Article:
Aside from its unique-looking single-cutaway mahogany body, this guitar comes with an impressive 29.75-inch scale length. Along with this, we have stylish vintage looks and an overall old-school-oriented guitar. Especially interesting is its V-shaped tailpiece.
The guitar is also equipped with a pair of Gretsch's awesome mini-humbuckers. Although dual-coil pickups, they still let you have some of those crunchy higher frequencies in there.
We mentioned Stephen Carpenter of Deftones as one of the famous baritone guitar players. He has a few very interesting signature models with ESP and their subsidiary LTD. The one we're looking at here is the SC-607B, a 7-string with a scale length of 27 inches.
Honestly, this is like an electric guitar reinvented, as are his other models. Here we have a classic double-cutaway "Super Strat" body with some awesome ergonomic features. For instance, the heel where the body meets the neck is completely smooth, which is not a surprise for its neck-thru construction.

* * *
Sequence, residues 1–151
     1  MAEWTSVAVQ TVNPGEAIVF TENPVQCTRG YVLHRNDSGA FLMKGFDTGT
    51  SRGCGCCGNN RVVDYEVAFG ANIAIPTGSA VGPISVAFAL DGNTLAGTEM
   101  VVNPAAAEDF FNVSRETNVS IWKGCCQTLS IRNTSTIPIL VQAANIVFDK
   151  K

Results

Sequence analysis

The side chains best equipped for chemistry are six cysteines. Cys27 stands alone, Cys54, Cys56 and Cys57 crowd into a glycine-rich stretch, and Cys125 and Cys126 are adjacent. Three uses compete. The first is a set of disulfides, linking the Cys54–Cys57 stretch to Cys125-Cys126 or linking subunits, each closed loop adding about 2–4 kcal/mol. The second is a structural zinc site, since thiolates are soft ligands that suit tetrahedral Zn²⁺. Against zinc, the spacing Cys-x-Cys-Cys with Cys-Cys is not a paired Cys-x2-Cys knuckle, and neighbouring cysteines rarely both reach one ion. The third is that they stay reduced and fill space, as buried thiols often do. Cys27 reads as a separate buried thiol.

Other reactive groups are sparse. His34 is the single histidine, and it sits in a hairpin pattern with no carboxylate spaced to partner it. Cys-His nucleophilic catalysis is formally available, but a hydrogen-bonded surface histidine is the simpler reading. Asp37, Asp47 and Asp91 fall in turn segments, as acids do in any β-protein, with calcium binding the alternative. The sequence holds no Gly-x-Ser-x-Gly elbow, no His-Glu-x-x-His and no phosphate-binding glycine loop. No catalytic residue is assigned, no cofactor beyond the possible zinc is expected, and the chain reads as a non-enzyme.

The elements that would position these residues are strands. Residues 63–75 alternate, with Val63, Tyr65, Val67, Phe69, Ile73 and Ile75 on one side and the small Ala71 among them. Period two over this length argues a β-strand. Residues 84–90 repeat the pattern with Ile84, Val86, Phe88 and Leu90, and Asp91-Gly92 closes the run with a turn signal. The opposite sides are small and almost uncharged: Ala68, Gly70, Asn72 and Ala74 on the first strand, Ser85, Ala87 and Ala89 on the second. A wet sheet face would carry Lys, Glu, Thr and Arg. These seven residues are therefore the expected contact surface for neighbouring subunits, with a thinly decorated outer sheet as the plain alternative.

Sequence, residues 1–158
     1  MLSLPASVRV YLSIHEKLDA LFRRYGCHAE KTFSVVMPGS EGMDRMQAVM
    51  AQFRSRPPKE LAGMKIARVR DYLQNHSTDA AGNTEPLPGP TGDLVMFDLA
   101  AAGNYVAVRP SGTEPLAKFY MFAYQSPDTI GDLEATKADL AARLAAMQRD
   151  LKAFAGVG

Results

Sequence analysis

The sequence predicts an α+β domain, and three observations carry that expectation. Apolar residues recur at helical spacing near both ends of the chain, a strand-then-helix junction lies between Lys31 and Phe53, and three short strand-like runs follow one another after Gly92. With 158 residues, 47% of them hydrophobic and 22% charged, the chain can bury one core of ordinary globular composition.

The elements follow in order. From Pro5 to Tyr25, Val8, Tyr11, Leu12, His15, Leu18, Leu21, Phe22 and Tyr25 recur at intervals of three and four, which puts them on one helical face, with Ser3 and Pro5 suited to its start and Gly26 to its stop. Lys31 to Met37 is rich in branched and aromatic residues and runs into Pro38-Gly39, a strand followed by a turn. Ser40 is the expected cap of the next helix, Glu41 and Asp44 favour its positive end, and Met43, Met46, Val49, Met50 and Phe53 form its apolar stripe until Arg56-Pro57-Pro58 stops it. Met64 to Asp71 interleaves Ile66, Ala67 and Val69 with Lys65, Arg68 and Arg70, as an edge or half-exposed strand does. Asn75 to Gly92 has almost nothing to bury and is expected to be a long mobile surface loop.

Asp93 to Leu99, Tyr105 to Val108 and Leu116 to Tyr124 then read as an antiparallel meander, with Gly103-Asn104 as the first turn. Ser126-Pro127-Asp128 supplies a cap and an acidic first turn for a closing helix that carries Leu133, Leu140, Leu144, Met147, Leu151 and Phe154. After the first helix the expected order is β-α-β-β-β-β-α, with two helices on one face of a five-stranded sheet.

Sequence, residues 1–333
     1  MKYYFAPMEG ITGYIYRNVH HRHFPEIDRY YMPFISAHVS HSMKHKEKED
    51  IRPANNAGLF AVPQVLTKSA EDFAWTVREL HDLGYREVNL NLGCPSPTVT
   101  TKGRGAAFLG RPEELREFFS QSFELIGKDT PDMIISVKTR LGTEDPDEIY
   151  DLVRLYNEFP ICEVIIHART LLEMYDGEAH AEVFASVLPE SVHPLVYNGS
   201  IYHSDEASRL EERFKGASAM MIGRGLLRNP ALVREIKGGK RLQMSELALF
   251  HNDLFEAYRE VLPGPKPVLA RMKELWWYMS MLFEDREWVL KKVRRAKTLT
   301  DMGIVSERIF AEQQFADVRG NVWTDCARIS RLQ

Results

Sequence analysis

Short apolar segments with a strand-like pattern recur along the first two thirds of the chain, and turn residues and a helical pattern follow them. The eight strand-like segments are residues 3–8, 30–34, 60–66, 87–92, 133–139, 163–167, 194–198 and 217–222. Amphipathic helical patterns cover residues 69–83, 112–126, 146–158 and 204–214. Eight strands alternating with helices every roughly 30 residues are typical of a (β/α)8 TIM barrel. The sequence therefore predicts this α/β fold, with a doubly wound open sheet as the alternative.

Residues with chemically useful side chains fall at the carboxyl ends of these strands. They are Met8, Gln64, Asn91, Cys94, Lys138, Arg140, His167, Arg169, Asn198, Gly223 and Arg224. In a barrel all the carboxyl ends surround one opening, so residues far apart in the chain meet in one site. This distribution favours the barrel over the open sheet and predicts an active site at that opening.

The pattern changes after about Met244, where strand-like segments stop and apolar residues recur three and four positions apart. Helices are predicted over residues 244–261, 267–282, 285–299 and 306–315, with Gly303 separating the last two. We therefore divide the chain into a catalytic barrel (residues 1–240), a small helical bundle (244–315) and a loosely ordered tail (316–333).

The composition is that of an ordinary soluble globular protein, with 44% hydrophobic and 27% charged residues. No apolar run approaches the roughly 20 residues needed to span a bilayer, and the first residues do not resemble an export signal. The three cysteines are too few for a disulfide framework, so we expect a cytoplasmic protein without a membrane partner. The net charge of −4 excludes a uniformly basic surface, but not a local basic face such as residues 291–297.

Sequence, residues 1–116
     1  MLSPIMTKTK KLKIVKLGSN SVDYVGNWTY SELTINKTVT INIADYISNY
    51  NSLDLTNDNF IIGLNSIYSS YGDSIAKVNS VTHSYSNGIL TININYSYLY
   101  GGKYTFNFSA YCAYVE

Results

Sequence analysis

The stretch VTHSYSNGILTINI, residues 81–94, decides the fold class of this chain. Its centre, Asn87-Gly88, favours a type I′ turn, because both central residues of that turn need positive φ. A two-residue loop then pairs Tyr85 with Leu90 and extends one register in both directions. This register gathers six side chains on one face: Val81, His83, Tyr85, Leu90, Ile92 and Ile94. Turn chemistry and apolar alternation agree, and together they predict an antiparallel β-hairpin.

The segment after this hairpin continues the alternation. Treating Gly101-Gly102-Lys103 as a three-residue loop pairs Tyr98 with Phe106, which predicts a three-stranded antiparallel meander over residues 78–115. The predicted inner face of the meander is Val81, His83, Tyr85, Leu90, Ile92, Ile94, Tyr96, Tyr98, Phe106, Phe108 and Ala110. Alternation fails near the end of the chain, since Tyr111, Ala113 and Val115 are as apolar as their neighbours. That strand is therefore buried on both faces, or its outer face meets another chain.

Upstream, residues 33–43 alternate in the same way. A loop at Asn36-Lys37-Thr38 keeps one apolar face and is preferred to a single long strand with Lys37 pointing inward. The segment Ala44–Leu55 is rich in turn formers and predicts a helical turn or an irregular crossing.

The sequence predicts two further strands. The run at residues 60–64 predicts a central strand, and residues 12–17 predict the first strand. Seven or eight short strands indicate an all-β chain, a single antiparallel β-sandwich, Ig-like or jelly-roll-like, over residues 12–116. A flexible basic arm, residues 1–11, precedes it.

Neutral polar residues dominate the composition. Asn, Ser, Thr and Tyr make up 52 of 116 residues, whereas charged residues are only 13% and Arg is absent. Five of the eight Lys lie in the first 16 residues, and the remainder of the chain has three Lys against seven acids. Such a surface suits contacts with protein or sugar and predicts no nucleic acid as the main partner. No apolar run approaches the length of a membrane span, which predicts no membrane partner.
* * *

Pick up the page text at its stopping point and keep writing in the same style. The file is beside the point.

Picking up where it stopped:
Additionally, the cutaways have indents on the front side of the body, serving both functional and aesthetic purposes. Along with its Thin U maple neck, you get a guitar that's pretty easy to play.
Aside from a tune-o-matic bridge and strings going through the body, this guitar also has a very powerful pair of pickups. These are Fishman SRC Fluence humbuckers which are placed in bridge and middle positions, providing you with very unique tones.
What's more, the instrument comes with some additional tone-shaping controls. Honestly, we could go on for days about it. It's a 7-string guitar that can cover pretty much any genre that you like, all while keeping the tone at high quality.